Saturday, August 31, 2013

Jan goes on a mission

Perry & Gene at his parent's home
1190 Elgin Avenue, SLC
July 23, 1970

Dear Perry & family,

The days go by so swiftly I can hardly believe it sometimes, and here it is the 23rd of July. Salt Lake is doing quite big things for Pioneer Days this year. We have had some thunder showers, and it is quite cool today.

Dale and his wife came to see us, and we went with them to see Hazel and Walter. Then they went to Provo. I hope they are getting along all right. We haven't seen nor heard from them since. And how are all of the rest of them? Perry, I am glad you and Gene can take Sister Fast into your home. She looks so little and frail--like she has had a real bad sickness and a windstorm would almost blow her away.

We had supper with Floyd and family one night last week. The ward Primary children were having a "Pioneer Parade," and it was good and amusing. They will soon be moving into their new house. It isn't far from June's, and it is surely a fine home--two bathrooms, etc.

We had a few bad days because of a leaky water heater. It got a good start before we noticed it and a lot of things got wet that I had left on the floor. I swept it--the water--down the drain and mopped and mopped until we could get a new one. We went with Hope and Grant to buy one at Sears--a smaller one than the old one, which was too big to get out without a lot of trouble. Dad said "they must have got the tank and then built the walls around it." Alan came and helped. He surely understands a lot about electricity and equipment. So we are all settled, but everything isn't "ship shape" yet in the basement.

Ashel and Elva and Thelma came to see us last Saturday. He was called to the Democratic convention. One of my cousins, when reading the account of Byron's funeral, noticed my name and that I lived in Salt Lake City, so she phoned and Hope and I went to see her. She lives in Sugar House and is 90 years old. She sees pretty well and has a good memory but is a little lame. She is Uncle Charley's daughter. She went to Canada to stay awhile with some of her folks. She has no children of her own. She sent me a pretty card with her address and called me "Dear cousin." So I hope to see her again and want to have my family meet her.

Our apricot tree is loaded with fruit so that will make work soon for a number of us. Love, Mother and Dad

(Next day) We have been watching the parade on the TV. After awhile, it all looks alike. It has been a nice day for it though, clear skies and not too hot. We, Dad and I, have our melon, ice cream and rootbeer here at home, and we can rest, sleep or read or watch television or whatever. I have been enjoying the parade though. Goodbye, Mother

Renee, Jan & Harriet - trip to Catalina Island, 1970
with Perry & Gene before Jan's mission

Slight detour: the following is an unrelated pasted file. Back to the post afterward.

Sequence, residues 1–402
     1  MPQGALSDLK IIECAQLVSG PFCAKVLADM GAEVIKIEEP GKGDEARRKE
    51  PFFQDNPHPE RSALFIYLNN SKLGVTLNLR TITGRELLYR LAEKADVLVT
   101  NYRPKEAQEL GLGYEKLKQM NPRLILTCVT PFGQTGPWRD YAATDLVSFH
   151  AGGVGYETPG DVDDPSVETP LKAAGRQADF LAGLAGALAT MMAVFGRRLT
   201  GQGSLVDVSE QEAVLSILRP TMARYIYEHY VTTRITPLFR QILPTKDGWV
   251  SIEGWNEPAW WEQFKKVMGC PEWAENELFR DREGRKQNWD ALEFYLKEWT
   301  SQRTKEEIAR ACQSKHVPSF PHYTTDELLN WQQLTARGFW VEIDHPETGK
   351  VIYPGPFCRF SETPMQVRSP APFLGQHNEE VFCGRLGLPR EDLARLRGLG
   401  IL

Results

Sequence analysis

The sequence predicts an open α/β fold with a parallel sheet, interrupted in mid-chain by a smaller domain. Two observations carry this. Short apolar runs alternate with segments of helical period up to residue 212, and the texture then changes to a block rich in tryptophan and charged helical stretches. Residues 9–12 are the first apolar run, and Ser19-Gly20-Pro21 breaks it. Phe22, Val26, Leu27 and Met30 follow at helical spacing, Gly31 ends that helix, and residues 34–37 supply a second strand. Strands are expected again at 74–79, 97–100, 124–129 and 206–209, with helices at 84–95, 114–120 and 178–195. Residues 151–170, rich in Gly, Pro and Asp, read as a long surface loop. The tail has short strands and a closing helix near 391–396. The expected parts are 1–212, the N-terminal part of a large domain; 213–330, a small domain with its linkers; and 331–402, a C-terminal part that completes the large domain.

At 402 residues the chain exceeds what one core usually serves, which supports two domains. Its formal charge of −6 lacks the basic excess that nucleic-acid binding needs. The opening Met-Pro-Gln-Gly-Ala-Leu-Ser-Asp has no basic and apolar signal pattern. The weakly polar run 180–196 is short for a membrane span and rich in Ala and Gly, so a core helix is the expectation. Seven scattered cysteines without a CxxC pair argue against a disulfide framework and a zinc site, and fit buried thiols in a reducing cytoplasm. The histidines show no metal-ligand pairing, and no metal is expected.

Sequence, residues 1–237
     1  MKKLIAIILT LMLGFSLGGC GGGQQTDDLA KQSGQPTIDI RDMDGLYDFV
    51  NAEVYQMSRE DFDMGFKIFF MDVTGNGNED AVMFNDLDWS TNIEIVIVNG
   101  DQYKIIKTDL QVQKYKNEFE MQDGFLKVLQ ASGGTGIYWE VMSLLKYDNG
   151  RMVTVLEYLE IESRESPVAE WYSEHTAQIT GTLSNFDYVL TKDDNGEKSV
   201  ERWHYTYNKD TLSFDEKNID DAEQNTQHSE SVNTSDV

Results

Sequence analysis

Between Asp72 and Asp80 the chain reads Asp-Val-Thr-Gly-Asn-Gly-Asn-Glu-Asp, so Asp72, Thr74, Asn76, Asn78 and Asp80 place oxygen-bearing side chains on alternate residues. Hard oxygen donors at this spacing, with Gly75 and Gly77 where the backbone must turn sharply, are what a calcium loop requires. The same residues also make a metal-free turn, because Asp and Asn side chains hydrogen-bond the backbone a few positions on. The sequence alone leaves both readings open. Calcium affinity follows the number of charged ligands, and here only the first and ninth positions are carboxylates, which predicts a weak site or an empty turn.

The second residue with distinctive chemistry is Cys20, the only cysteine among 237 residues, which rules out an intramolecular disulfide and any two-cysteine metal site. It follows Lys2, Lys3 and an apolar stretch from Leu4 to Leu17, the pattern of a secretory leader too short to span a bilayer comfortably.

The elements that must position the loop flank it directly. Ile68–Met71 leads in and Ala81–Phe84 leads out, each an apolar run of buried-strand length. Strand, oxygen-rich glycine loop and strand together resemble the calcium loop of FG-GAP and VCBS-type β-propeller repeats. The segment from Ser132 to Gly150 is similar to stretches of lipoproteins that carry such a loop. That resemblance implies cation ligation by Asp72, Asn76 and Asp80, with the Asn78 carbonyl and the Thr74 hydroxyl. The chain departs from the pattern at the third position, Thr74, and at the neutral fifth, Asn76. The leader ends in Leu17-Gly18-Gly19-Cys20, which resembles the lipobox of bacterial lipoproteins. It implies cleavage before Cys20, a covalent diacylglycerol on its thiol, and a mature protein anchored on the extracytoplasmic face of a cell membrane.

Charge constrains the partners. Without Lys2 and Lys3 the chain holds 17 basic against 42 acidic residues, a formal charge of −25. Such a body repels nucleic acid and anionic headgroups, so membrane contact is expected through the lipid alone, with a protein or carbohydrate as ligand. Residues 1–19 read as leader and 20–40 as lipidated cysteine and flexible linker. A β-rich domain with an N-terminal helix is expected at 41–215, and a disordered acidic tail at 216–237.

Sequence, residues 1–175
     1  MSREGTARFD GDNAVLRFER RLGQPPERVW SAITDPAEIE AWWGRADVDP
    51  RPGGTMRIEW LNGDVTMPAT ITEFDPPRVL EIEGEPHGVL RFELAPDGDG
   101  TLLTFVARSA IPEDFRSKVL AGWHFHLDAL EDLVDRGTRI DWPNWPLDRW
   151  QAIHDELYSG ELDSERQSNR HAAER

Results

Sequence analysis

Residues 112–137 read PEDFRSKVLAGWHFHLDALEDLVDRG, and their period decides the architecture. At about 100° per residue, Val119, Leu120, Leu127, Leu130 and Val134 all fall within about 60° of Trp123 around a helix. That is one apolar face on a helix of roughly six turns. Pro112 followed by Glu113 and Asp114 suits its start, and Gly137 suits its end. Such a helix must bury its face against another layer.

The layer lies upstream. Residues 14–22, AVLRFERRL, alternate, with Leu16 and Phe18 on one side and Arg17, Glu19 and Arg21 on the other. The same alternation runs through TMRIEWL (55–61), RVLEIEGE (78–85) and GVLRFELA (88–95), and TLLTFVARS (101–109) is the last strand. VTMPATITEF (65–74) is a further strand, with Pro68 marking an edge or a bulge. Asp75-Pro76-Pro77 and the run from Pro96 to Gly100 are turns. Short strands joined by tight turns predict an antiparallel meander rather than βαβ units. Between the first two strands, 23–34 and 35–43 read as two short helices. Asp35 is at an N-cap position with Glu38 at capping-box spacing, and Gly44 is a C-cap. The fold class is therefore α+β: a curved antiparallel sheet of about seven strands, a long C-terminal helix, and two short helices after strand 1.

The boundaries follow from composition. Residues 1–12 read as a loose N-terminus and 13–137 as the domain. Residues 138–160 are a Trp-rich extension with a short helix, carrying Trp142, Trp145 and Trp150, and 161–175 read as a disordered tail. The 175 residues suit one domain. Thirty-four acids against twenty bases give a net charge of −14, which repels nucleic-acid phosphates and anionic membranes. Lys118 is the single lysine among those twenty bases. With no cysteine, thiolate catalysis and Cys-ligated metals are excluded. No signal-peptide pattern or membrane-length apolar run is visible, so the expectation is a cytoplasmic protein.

July 28, 1970

Dear Mother & Dad,

We received your very welcome letter yesterday. It's good to hear from you and know that everything is all right. We are glad there was nothing worse than a leaking water heater. I guess there was no serious damage. Our water heater did the same thing about a year ago.

We enjoyed our trip up there this summer. It surely is good to see everybody. We really enjoyed seeing our old house and see that it is so well kept up. And that tree--that is really something isn't it?

Yes, we are glad that we can have Gene's mother with us. It works out quite well most of the time. She does get rather confused at times, so it's impossible for her to live alone. But we don't want to place her in a home, at least not yet.

When we got back, our fruit was ripe. We have a plum tree and an apricot tree that were just loaded. The apricots were small, but they made 75 quarts. The plums were really good. We put up 100 pints of jelly and jam and still gave a lot of fruit away. We have two peach trees, but the fruit isn't so good. But we are going to buy some peaches to put up. We say we are going to have a two-year supply to last while Jan is on his mission. We have also found that it is almost impossible to buy canned peaches of the quality we like. Besides, we rather enjoy putting up fruit and seeing our shelves filled with nice-looking supplies.

(August 3, 1970) As you can see, I started this several days ago. We have been attending BYU Education Week. It was really good this year. I'd better send this now "as is." Love, Perry

August 26, 1970

Dear Perry & All,

We were thrilled to hear your voice over the phone the other day and glad Jan can go on a mission. Dee's boy, Wayne, has just recently come home from Germany. It seems that a lot of missionaries are being sent to South America and the land that was given to Lehi and his descendants are not being forgotten. Just recently I ran across an old Improvement Era that contained a lot of information about the South American Mission. It had a lot of colored pictures in it, and I had been studying it. So when you called, I was really interested. The land was dedicated by Melvin J. Ballard.